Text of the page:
Can Boba Fett carry his own show? Back when The Mandalorian was first announced, the idea of a gunslinger, faux-Boba Fett show seemed to some, hopelessly regressive. And, before 2019, it also felt odd to Star Wars fans that a Boba Fett lookalike would get his own show, rather than Boba himself. However, The Mandalorian, ultimately, became the best and most healthy example of parenting in all of Star Wars and quickly left our love of Boba Fett in the dust.
So now, in a strange inversion, Mando is king, and Boba is playing second fiddle. It looks like the coolest, and best dad in Star Wars is the only hope of bailing out Boba Fett. Mando is Boba’s only hope, which doesn’t speak well of Mr. Fett’s meandering Book. Spoilers ahead for The Book of Boba Fett through Episode 4.
Unlike the near-universal praise of both seasons of The Mandalorian, depending on who you ask about The Book of Boba Fett, your parsec mileage will vary. For the Star Wars faithful, it’s cool to look at, and for grizzled cynical fans of my generation, seeing Boba pew-pew the Sarlacc Pit is, admittedly cool. However, because the show is obsessed with showing us a bunch of stuff that Boba Fett did, it’s hard to really see what kind of story it’s trying to tell. We’re over halfway through the seven-episode run of Boba’s Book, and it’s tough to say, thematically, what this story is trying to do. When Boba Fett returned, rocking his dad bod unashamedly in The Mandalorian Season 2, it felt like his own series might be about an older guy getting his mojo back.
And, in fairness, on paper, that’s pretty much what The Book of Boba Fett is; a story about an amoral guy got slightly more moral. However, didn’t we just see this? When The Mandalorian started, our titular helmeted badass was killing people for money, and then, slowly became a loving parent and ethical human being. The overall arc for the first two seasons of Mandalorian was kinda like James Bond becoming a father in No Time To Die, but instead of dying in one moment of fatherhood heroics (played out!), Mando got to live and love another day.
Now, thanks to a not-so-subtle musical cue at the end of the fourth episode of Boba Fett, Mando is on his way back to Star Wars. This is good news for many reasons: Mando is a likable character, it’s exciting to see how he’s coping with Baby Yoda’s absence, and, for the first time in the Boba Fett series, it feels like the story is moving forward.
There’s a deep irony that the Mandalorian — a character who owes his aesthetic linage to Boba Fett — is now required to put some juice into the show about Boba Fett. Even the biggest fans of The Book of Boba Fett might admit that, at this point, the story is dragging a bit. Boba Fett’s flashbacks have resolved. Boba Fett’s futile attempt to get his armor back is resolved because we already knew he got it back. Boba Fett’s five years in the desert makes almost no sense based on what we’ve seen, and why Bib Fortuna left his ship in the parking garage of Jabba’s Palace is so inexplicable it’s almost laughable.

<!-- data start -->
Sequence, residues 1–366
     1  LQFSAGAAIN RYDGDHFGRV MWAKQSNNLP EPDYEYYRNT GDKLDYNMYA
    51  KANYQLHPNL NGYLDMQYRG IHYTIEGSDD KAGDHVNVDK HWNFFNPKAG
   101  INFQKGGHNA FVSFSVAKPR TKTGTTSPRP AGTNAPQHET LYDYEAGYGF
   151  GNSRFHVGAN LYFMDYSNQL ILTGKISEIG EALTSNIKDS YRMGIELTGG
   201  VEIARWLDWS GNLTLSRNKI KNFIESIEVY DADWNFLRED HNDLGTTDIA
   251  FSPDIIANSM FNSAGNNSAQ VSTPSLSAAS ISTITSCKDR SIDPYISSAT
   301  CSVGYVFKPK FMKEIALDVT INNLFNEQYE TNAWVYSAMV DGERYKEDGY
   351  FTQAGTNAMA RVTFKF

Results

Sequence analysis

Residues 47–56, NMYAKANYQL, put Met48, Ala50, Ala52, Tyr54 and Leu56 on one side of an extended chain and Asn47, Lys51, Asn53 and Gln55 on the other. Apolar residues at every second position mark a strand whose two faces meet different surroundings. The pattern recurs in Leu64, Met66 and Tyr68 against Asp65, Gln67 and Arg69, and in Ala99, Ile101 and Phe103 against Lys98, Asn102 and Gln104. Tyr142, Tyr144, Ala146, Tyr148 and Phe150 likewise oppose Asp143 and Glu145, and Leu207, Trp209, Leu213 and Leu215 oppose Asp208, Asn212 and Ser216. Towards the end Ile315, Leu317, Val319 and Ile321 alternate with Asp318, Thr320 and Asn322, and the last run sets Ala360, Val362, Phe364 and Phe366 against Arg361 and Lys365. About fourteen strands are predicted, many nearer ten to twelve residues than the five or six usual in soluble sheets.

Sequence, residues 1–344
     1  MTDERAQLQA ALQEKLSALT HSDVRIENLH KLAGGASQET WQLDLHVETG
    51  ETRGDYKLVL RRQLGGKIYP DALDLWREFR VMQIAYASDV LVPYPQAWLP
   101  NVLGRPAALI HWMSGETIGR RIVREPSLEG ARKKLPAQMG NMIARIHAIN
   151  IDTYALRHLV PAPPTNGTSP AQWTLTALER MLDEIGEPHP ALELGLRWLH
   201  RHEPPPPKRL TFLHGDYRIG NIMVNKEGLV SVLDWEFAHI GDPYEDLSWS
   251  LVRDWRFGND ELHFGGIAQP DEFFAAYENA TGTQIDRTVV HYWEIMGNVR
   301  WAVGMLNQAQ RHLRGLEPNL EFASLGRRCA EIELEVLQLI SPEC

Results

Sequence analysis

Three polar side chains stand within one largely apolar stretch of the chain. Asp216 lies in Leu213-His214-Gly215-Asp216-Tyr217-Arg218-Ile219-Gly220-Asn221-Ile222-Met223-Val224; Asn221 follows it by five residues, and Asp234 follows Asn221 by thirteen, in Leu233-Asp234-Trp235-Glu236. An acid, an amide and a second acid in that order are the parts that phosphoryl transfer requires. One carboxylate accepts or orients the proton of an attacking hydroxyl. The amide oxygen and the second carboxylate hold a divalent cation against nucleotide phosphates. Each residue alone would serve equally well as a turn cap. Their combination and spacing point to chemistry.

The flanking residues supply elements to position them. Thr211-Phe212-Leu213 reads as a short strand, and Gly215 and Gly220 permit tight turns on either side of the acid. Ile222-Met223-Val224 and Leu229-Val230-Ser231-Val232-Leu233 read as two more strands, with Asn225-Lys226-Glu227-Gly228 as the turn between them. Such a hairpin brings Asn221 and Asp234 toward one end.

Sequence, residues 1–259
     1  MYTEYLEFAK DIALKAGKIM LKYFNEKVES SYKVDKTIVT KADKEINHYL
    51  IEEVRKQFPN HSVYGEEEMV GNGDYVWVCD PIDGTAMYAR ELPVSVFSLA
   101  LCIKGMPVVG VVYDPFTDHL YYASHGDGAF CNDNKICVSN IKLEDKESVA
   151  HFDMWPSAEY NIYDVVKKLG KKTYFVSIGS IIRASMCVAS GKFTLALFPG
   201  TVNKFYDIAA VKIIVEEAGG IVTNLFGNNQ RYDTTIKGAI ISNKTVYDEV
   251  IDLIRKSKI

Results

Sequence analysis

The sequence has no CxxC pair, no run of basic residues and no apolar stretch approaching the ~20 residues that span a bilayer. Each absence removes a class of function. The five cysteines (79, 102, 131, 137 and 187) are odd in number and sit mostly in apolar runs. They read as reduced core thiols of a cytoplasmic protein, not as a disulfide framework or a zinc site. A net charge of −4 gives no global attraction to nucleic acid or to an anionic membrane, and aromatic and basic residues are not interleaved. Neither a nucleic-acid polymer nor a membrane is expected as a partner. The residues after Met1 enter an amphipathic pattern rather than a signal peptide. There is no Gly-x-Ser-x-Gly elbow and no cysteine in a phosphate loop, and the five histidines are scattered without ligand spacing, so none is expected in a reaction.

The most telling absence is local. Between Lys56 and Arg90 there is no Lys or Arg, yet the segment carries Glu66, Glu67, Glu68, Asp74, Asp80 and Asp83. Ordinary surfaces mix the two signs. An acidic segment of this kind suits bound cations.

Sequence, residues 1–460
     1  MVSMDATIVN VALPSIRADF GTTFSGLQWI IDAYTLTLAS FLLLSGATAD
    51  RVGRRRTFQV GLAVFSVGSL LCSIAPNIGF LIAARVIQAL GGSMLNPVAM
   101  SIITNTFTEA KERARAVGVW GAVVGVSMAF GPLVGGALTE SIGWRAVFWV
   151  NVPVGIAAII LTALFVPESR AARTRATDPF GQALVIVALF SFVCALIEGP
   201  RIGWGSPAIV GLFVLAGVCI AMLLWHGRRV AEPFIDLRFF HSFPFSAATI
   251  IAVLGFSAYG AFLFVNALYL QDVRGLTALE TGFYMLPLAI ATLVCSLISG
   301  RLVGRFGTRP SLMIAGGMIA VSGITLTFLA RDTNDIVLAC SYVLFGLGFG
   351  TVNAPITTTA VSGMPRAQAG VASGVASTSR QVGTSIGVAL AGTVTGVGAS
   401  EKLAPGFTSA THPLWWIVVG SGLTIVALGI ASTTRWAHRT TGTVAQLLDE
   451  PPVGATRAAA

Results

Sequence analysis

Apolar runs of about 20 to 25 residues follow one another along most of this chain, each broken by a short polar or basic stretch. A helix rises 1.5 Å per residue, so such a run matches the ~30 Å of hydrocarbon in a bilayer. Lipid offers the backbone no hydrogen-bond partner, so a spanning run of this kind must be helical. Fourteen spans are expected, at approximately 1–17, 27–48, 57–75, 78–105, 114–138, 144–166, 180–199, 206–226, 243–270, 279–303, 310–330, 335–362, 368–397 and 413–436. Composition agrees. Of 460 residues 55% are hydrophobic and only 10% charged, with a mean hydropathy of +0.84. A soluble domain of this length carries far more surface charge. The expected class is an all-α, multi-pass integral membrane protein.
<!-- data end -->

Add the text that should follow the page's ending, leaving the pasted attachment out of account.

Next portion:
So, going into its final three episodes, Boba Fett has decided to let the plot-hole-infested past die, and the show is willing to kill it if they have to. The only way for the show to stick the landing is to move forward.
This is why they need Mando. Even when Boba Fett gave us the Baby Rancor (a faux Baby Yoda?) the show wasn’t confident enough to go hog wild with that premise. One episode after that cute monster was introduced, he was back down in his cage, relegated to just some claws poking up through a vent in the following episode. Which is a kind of metaphor for all of The Book of Boba Fett. If the show has any emotional hooks, it seems afraid to let those sink in. Instead, the story is scattershot, daring the audience to care about something — the Tusken Raiders, the Mod Biker Youths, the Baby Rancor — and then, just as quickly saying, no, never mind.
Now, after seemingly exhausting a bunch of false-starts, the narrative has swerved back into reliable territory, cool dad Din Djarin. It’s unclear if Pedro Pascal will actually appear unmasked on-screen with Temuera Morrison, but if that does happen, it will doubtlessly be awesome. But, if Mando’s eventual cameo on Boba Fett becomes the highlight of the series, it will prove only one thing: The allure of Boba Fett has been eclipsed by The Mandalorian utterly. The learner will have become the master and The Book of Boba Fett will feel more like a commercial for The Mandalorian Season 3, rather than its own show.
Jango Fett, Boba’s father, said he was just a simple man trying to make his way in the galaxy, a sentiment which Boba echoed in The Mandalorian. But, what The Book of Boba Fett has shown us thus far, is that maybe, that credo is too simple. In the imaginations of ’80s and ’90s kids, Boba Fett would never need help. But now, he’s desperate.
The final three episodes of The Book of Boba Fett air on Disney+ over the next three Wednesdays, with the finale arriving February 9.
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